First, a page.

We have remains, as you know, which show how greatly this theory had taken root not very long after the apostles themselves disappeared from the earth. No doubt there has been development since; but still the great idea was and is much what I have been endeavouring to set before you. This only is essential: all else is matter of detail and may differ. It is found in Romanism as well as in the Eastern Christian bodies; so it was early after the apostles left.

But a new thing began at the Reformation. When the Catholic system had ripened into a monstrous head of corruption, when the results were morally unbearable among men, when the thought of the church had completely ruined or blotted out all right understanding of God, when, on the one hand, these who belonged to it, individually considered, were so little in the mind of men that it was no question of living faith, provided they belonged to the church; and, on the other hand, when all who were outside the church, no matter how real their faith or love, were considered heretics, and deserving of no better fate than to be punished soundly in this world for the good of their souls; then came up another and counter thought in which the individual only is prominent. The one point here was that a man should read the Bible for himself, that he must believe and be justified for himself, and that as by faith he becomes a child of God for himself, so he should have his conscience left free to serve God for himself. Here all thought of the church was completely lost, and consequently, giving up consideration of the church of God, individuals of this way of reasoning combined and formed churches for themselves. This grew, no doubt, to a far larger extent, and was carried out more fully, than was contemplated when first acted on.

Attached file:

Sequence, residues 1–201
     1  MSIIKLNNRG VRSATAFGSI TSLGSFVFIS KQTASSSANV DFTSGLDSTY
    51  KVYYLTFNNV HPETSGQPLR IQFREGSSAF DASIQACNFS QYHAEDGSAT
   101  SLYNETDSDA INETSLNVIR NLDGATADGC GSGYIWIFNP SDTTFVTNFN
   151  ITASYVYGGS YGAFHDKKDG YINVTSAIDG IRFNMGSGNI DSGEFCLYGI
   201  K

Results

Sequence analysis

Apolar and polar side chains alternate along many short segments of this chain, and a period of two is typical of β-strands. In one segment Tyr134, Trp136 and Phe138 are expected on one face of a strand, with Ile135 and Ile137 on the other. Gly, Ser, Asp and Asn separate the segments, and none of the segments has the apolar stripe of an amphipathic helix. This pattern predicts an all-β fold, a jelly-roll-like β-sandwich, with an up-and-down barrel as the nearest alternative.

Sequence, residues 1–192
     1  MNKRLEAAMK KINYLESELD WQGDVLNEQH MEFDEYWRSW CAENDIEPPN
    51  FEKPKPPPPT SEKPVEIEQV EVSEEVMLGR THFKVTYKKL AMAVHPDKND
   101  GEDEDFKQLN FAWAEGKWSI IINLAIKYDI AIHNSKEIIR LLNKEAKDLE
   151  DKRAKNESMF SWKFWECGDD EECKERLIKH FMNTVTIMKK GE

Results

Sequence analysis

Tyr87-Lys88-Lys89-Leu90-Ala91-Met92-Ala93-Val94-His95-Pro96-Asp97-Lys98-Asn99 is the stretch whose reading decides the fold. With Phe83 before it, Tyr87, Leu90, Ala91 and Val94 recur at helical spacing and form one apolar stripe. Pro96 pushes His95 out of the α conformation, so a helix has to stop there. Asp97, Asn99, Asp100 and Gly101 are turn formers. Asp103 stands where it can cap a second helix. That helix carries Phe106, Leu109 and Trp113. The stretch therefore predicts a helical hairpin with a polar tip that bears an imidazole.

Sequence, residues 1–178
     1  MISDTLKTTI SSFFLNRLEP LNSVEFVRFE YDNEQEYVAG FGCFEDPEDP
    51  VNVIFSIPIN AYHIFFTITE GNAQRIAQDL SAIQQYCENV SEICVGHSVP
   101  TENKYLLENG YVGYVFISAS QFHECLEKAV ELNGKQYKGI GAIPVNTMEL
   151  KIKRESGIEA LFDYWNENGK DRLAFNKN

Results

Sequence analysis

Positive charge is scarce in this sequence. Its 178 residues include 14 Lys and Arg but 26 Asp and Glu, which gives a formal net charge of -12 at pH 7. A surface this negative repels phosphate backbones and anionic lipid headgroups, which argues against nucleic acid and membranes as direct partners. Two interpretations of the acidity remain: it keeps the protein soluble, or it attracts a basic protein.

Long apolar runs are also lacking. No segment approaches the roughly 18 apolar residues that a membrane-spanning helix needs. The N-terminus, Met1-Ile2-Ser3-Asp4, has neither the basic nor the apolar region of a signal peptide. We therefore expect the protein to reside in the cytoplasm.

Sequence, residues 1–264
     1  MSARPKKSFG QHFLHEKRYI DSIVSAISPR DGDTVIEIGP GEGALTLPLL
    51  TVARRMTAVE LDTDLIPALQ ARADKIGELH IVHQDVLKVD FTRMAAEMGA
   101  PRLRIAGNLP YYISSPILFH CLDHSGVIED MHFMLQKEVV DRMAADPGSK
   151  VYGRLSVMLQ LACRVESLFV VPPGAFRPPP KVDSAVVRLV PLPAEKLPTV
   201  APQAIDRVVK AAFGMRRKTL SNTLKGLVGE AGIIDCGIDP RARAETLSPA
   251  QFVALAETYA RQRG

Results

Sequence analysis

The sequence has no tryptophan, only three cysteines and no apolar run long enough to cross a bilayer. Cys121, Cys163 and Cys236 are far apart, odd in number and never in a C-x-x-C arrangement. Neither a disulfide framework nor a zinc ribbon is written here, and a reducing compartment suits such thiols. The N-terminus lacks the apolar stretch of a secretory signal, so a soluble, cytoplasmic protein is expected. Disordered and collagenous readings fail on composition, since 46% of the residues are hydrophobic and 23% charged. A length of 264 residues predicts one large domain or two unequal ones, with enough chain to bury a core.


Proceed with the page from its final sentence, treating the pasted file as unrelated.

But we find, in fact, that those who justly insisted on the importance of individual faith as the saving principle for the soul, and as that which alone glorified God, began to collect together at last, sometimes in a country to themselves, and then again, when in that country there began to be divergences of opinion among them, they made their own distinct churches. If they did not like the great public church of the country, they chose to split off into different religious societies, all essaying to become churches. One was, as they considered, as good in principle as another, but the best church was that which suited a man's own mind. This was the individual idea carried out to its natural results, and such is exactly what we find around us now.